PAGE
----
Fourier transforming these oscillations, we find a single dominant wave vector that is approximately twice the Fermi radius of a single pocket, Q = 2kF, suggesting that the finite momentum of our Cooper pairs originates from the interplay between the pockets. This picture is reinforced by probing the effect of increasing the chemical potential (decreasing the pocket radius). Here, a PDW also develops, and we see a shift in wave vector consistent with our change in pocket size (see fig. S7). A schematic of the finite momentum pairing is presented in Fig. 3B. Since our PDW modulations are unidirectional and lie orthogonal to the applied edge field, our results are especially relevant to proximity-induced superconductivity in TMDs.

Fig. 3 Fourier decomposition of the PDW and bond charge order.

(A) Fourier transforms of the PDW and charge bond order. Zero momentum, i.e., constant contributions and decay effects have been removed. (B) Depiction of pairing in momentum space. The regions demarcated by dashed lines are the approximate pairing regions.

Last, we compare oscillations in the singlet pairing strength and in the bond charge density. As the pairing amplitude profile of our U = +2 simulation has net pair amplitude on the whole system due to the edge field and our edge field explicitly breaks gauge symmetry, charge modulation of the same period (Q = 2kF) is anticipated to be driven by the net component and the modulated pairing components (1). From a Ginzburg-Landau perspective, these add terms of the form ρQ(Δ0*Δ+Q+Δ0ΔQ*) and ρQ(Δ+Q+ΔQ*), respectively, to the free energy that account for the development of 2kF charge density wave oscillations as opposed to 4kF oscillations from ρ2QΔQ*Δ+Q, where ρQ and ΔQ here correspond to the density and PDW order parameters with momentum Q. This is clearly seen in the Fourier decomposition of the PDW and the bond charge order presented in Fig. 3A, where both orders are dominated by the same Fourier mode. We remark that while both the attractive and repulsive charge bond densities have oscillations that dip below their mean values, only the superconducting response of the repulsive case has oscillations centered about zero, suggesting that the PDW oscillations are not finite size effects.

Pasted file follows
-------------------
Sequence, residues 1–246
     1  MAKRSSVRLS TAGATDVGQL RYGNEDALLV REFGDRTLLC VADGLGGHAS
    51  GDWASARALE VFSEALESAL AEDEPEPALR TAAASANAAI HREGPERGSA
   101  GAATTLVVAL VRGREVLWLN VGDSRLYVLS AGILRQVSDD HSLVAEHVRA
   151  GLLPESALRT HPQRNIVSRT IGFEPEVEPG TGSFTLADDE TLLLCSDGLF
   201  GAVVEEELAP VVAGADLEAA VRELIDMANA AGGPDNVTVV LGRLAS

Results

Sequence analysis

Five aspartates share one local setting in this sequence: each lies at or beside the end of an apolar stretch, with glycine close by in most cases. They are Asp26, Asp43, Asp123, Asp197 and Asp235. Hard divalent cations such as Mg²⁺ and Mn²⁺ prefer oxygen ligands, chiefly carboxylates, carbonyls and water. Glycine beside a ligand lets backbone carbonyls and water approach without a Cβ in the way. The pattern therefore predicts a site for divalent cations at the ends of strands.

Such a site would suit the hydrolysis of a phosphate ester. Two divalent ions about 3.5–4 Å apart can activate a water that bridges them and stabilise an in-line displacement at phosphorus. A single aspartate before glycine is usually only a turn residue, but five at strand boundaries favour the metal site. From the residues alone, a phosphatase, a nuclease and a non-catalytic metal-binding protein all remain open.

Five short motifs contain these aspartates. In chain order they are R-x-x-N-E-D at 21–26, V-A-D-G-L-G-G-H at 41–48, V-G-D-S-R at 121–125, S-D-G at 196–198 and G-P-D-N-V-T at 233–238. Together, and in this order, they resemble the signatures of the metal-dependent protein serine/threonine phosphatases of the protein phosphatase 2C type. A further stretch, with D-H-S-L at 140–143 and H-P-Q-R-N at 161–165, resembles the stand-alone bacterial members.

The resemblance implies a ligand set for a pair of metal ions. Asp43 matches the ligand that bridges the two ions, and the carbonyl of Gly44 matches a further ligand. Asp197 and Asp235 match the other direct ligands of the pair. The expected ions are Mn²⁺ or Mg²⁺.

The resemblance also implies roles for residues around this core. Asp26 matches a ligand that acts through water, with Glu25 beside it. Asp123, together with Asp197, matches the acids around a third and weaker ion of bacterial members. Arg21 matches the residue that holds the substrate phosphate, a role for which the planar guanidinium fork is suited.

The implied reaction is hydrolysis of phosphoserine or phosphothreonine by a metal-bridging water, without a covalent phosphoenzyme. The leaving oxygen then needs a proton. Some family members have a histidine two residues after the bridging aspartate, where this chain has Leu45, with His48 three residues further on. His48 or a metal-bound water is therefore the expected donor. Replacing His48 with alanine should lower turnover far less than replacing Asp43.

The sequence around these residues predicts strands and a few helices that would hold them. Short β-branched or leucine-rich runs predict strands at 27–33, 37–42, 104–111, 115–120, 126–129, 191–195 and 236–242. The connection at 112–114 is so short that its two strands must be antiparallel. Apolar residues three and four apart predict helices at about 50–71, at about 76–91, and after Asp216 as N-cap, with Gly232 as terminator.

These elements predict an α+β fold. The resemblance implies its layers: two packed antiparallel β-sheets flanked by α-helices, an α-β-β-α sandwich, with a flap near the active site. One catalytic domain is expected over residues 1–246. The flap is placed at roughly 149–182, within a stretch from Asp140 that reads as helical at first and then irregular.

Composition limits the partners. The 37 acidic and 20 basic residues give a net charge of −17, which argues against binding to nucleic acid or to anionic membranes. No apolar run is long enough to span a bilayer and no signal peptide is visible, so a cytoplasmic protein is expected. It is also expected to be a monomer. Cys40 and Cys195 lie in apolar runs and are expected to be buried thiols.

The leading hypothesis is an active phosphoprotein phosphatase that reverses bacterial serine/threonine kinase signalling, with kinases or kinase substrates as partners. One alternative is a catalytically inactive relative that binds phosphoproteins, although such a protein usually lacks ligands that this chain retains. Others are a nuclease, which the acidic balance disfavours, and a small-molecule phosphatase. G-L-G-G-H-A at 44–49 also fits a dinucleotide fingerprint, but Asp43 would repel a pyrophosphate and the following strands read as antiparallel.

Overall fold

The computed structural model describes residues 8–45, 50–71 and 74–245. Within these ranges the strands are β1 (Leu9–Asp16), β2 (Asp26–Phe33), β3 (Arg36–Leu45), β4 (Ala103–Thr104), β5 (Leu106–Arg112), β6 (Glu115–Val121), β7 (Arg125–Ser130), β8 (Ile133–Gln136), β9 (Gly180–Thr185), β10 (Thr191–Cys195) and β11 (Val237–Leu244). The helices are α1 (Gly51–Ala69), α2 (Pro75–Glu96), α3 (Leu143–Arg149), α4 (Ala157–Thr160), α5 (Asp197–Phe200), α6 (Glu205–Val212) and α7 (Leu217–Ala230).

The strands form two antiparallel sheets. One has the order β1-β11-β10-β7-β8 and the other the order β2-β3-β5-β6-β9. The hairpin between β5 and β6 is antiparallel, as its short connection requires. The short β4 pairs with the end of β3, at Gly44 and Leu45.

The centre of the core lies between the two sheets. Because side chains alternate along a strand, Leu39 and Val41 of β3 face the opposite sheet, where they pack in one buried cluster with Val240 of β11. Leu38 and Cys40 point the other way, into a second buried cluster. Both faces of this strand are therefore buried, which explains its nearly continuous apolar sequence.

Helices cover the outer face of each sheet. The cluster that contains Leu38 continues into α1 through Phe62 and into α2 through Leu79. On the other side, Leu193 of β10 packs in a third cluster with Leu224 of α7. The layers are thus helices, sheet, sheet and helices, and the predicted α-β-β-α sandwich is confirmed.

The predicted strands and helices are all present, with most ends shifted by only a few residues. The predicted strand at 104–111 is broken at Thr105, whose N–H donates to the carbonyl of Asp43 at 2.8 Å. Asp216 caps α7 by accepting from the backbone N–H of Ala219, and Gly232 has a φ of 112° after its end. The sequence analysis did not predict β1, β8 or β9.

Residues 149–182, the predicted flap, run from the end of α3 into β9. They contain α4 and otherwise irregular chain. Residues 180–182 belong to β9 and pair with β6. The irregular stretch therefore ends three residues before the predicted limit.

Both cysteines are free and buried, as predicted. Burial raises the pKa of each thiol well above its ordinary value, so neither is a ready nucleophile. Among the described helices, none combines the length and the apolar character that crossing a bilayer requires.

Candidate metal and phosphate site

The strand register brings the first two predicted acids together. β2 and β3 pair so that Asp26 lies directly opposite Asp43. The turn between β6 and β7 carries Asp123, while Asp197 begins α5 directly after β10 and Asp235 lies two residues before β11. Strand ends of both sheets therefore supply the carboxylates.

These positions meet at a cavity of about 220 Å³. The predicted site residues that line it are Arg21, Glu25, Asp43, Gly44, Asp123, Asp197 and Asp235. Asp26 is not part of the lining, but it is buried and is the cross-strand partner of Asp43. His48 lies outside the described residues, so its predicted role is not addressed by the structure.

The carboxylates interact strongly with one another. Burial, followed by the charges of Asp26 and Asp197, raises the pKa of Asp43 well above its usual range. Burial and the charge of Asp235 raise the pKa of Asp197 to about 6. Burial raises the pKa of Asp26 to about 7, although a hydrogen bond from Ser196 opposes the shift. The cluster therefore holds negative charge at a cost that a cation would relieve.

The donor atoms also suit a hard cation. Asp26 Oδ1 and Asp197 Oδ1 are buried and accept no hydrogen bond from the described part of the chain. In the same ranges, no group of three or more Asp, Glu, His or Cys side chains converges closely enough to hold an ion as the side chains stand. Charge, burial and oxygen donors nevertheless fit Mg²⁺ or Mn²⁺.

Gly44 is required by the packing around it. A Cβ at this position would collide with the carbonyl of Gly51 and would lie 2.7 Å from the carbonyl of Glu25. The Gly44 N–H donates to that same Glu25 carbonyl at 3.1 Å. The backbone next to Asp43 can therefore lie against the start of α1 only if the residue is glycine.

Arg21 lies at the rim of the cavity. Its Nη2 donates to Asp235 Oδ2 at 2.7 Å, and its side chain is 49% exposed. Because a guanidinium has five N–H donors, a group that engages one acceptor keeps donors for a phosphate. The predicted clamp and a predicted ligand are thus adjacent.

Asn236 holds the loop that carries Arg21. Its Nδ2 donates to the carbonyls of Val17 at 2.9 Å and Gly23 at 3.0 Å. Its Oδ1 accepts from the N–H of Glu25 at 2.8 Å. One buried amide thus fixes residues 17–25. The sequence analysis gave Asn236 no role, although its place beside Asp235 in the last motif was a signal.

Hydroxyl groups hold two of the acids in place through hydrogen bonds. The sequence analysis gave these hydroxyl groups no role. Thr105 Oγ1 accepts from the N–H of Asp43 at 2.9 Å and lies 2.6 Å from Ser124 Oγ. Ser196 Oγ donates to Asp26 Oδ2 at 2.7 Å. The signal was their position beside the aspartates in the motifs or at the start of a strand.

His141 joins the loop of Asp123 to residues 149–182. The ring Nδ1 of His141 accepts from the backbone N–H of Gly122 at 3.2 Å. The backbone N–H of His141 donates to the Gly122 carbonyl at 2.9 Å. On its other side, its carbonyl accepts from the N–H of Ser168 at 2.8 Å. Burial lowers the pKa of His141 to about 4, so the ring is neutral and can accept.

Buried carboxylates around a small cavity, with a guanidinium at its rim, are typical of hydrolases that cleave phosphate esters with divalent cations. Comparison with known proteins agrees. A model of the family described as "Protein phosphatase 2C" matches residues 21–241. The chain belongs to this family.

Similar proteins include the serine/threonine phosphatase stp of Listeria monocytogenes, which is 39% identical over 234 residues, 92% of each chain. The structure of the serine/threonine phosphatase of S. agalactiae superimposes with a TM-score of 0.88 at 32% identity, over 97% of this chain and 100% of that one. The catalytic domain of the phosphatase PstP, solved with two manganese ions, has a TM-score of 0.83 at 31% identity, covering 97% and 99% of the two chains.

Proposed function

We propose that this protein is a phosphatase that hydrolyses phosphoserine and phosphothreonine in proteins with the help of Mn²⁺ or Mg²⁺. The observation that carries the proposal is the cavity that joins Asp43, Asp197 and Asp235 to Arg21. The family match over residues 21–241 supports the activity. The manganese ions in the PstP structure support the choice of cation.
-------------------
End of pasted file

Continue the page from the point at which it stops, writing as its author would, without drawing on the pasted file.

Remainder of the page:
In summary, we used the DMRG to study the superconducting tendencies of a repulsive U Hubbard model on a triangular lattice with spin-valley locking. These tendencies were probed by studying the pairing response profile in response to uniform and random pair fields along one edge. Our calculations indicate that the superconducting phase diagram of the model may be more complex than what was revealed by the previous perturbative RG study (16), with translational symmetry breaking superconducting states possibly in competition with a uniform state. The PDW observed breaks translational symmetry with the superconducting order parameter alternating sign. This atypical pairing response may be related to the fact that Ising SOC and the triangular lattice conspire to frustrate any spin order including spin stripe. We fail to find any appreciable spin response to be induced by an Sz-edge field coexistant with our pair field. Here, the moment dies off rapidly away from the edge, leaving no discernible moment and reaching practically zero (5 × 10−5 in units of the applied field) by site 4. Moreover, the fact that the apparent periodicity is not related to any Fermi surface properties suggests a purely strong coupling origin of the observed translational symmetry breaking. It will be interesting to study whether the observed PDW state can be found in a truly 2D setting using a different method such as the density matrix embedding theory, where a long-range order can be observed (41).


The DMRG is a powerful, nonperturbative method for studying strongly interacting systems (22, 4246). It has been used with great success to explore a diverse selection of strongly correlated phenomena highlighted by stripes, spin liquids, and superconductivity (22, 4351). However, since DMRG is quasi-1D in nature, no true long-range order can be seen in the correlations. Thus, to access our system’s superconducting tendencies, we implemented a pair-edge field motivated by the field-pinning approach underlying several earlier studies (22, 43, 52, 53). By biasing the system toward a particular superconducting state and studying the emergent symmetry of the appropriate order parameter in the bulk, one can gauge the model’s propensity for various instabilities.

Even in the absence of the spin-valley locking special to our model, the geometric frustration of the triangular lattice is known to foster exotic phases. While a consensus has emerged that the ground state of the Heisenberg model is a 120° Néel antiferromagnet (54), the Hubbard model has been shown to have tendencies toward spin liquid and chiral d + id superconducting states (55, 56). Note that within the context of the Heisenberg model, frustration can inhibit spin stripes.

We emphasize that due to the lack of inversion symmetry, even and odd pairing components can coexist (57). Thus the Sz preserving SOC allows for the mixing of Sz = 0 singlet and triplet states, i.e., the bond pair order parameter Δij=cicj should be an admixture of singlet and triplet componentsΔijsinglet=cicjcicjΔijtriplet=cicj+cicj(3)

Note that since our system lacks translational symmetry due to open boundary conditions, the pairing symmetry is not constrained to transform under a single irreducible representation. Nevertheless, the real-space structure of these bond-centered order parameters provides insight into the nature of the dominant pairing state.